It was with a mixture of pleasure, pride and not a little relief that finally
saw the launch of our new website in early April, rather later than our
original target of 1 February. We must admit to underestimating the sheer
amount of work involved. In our minds we envisaged a quick switch over to a
white background, a few pastel colours, a fancy font or two, a sprinkle of
fairy dust and we’d be done and dusted.
But we must also admit that we created work for ourselves. In an attempt to
liven up what are, by definition, a fairly inanimate bunch of authors, Nichola
came up with the clever idea of giving their portraits a sort of pop-art look
and launched herself into the task with great gusto. Several weeks and 217
authors later her enthusiasm was somewhat diminished. And then there were the
quotes. We blame the website developers for this one, as they added a quote in
an elegant font on one of their demos so we thought it would be a nice touch to
have a quote for every book and every author we had. And, yes, since you ask –
that’s 669 quotes we had to find.
Eventually, the task became all-consuming and the term ‘working hours’ ceased
to have any meaning . Between the hours of 10.30 to 11.30 each night, after my
wife retired to bed and when any self-respecting man would be cruising dubious
websites, I was sourcing and resizing images for 155 blogs.
But it’s done and it’s time for a big vote of thanks to the team at WK360 (at
first I thought they made colourful alcoholic drinks for young people) for
seeing the project through to a successful completion, specifically Joel for
bringing through Nichola’s concept into a finished design and to Marc for his
endless patience in seeing through every tweak, enhancement and outright U-turn
without word of complaint (at least not in our earshot).
A major redesign like this gave us the opportunity to add some new sections to
the website. Because customers can’t buy from us direct, we try to give as much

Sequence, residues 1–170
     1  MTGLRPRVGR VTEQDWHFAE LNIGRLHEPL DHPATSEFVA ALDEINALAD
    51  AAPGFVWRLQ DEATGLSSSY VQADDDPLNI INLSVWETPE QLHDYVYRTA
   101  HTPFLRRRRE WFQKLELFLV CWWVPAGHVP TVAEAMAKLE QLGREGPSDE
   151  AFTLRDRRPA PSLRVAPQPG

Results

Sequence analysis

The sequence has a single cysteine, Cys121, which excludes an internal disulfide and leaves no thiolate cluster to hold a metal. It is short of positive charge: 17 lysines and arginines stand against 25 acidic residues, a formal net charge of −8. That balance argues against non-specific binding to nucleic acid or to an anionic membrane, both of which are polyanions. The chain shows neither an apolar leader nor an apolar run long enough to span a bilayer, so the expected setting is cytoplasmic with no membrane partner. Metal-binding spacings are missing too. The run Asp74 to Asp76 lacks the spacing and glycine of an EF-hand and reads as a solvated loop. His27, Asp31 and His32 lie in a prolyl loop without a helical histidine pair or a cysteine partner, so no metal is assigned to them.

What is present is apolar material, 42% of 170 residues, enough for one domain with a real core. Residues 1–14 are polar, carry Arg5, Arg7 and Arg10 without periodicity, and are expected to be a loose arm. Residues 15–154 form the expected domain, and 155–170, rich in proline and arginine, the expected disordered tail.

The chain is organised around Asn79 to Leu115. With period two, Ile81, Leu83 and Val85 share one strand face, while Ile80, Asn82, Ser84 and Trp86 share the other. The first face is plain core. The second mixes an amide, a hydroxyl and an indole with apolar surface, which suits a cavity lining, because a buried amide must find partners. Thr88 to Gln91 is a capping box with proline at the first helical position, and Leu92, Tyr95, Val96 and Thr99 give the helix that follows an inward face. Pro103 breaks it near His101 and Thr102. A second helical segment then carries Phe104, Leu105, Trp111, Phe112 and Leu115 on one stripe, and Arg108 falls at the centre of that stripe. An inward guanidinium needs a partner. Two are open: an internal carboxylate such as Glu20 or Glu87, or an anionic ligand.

information on the various ways that our books can be purchased. We were conscious
that, while it’s easy to point people in the direction of a website, it’s more
difficult to provide information on independent bookshops that stock our
titles, the reason being that, because many purchase their stock through
wholesalers, we simply don’t know who they are. However, with the help of The
Booksellers Association, we have written to every independent bookshop on their
membership list, and we been able to start to compile a geographical list of
outlets on our ‘Independent Bookshop’ page. In addition, because of the
importance of the education market to us, we now have a specialised ‘School
Orders’ page, where the relevant information is quickly and easily available.
In other news this month, we complete our release of H.G. Wells titles with his
‘Selected Works’ in our Special Editions series, which includes all of his most
popular novels in one bumper paperback (Metric Royal format ISBN 9781840227451)
for just £7.99. The release was delayed slightly so that it could be the first
of the series in the latest cover design, conceived by Nichola, designed in
conjunction with Tony Collins of The Design House and using original artwork by
Hastings artist Helen Wells (www.helenwellsartist.co.uk). The picture below
doesn’t do it justice. We’ve just seen the first copy and we think (admitting a
slight bias) that they look fantastic. The other titles in the series will move
over to the new design as they print. Two titles (Andersen and Grimm) will be
temporarily out of stock until they reprint in early June.
The subject of new covers reminds us of an incident some years ago, when
devotees of Thomas Hardy were surprised some years ago to find a Wordsworth
edition for sale bearing the title 'Return of the Dead by Thomas Hardy’ on the
spine, which provoked a number of enquiries as to the history of this
previously unknown title. In truth, this was the result of a mental aberration
by the cover designer, and a certain lack of attention on behalf of the
Wordsworth staff one Friday afternoon, and the book was hurriedly withdrawn
from sale. It may now be a collector's item...
Some good news this
month was the announcement from The Publishers Association that sales of
physical books last year were up 8 per cent to £3 billion, the highest total
since 2012. This gives further justification for Hachette's decision to invest
in a brand new distribution centre in Didcot, Oxfordshire and we had the
chance earlier this week to have a look around the building site.
That’s it for this month – next month’s newsletter will be all about the 25th
anniversary of the Wordsworth Classic.
Top - Site visit to the new
Hachette distribution centre in Didcot, Oxfordshire. Just time for a couple of choruses of Y.M.C.A.
Bottom: Completion due later this
year, with publishers being moved in from 2018 onwards.